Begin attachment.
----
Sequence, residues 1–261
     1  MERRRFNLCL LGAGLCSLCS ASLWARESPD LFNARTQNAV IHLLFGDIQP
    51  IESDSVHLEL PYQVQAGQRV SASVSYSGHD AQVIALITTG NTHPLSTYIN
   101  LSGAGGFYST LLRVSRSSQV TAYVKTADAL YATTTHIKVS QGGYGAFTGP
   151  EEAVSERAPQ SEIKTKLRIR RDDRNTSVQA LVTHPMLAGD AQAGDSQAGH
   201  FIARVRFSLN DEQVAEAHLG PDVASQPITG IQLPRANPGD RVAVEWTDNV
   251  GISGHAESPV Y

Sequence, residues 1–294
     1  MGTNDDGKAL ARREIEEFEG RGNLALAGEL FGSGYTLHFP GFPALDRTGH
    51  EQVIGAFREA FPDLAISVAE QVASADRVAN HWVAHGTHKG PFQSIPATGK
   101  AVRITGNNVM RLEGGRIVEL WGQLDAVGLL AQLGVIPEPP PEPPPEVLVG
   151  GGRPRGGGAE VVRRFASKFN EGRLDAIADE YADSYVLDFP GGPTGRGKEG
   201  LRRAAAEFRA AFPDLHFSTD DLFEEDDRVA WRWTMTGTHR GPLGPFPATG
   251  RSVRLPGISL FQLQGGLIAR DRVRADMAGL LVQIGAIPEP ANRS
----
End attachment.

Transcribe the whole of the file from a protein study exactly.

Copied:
Sequence, residues 1–261
     1  MERRRFNLCL LGAGLCSLCS ASLWARESPD LFNARTQNAV IHLLFGDIQP
    51  IESDSVHLEL PYQVQAGQRV SASVSYSGHD AQVIALITTG NTHPLSTYIN
   101  LSGAGGFYST LLRVSRSSQV TAYVKTADAL YATTTHIKVS QGGYGAFTGP
   151  EEAVSERAPQ SEIKTKLRIR RDDRNTSVQA LVTHPMLAGD AQAGDSQAGH
   201  FIARVRFSLN DEQVAEAHLG PDVASQPITG IQLPRANPGD RVAVEWTDNV
   251  GISGHAESPV Y

Sequence, residues 1–294
     1  MGTNDDGKAL ARREIEEFEG RGNLALAGEL FGSGYTLHFP GFPALDRTGH
    51  EQVIGAFREA FPDLAISVAE QVASADRVAN HWVAHGTHKG PFQSIPATGK
   101  AVRITGNNVM RLEGGRIVEL WGQLDAVGLL AQLGVIPEPP PEPPPEVLVG
   151  GGRPRGGGAE VVRRFASKFN EGRLDAIADE YADSYVLDFP GGPTGRGKEG
   201  LRRAAAEFRA AFPDLHFSTD DLFEEDDRVA WRWTMTGTHR GPLGPFPATG
   251  RSVRLPGISL FQLQGGLIAR DRVRADMAGL LVQIGAIPEP ANRS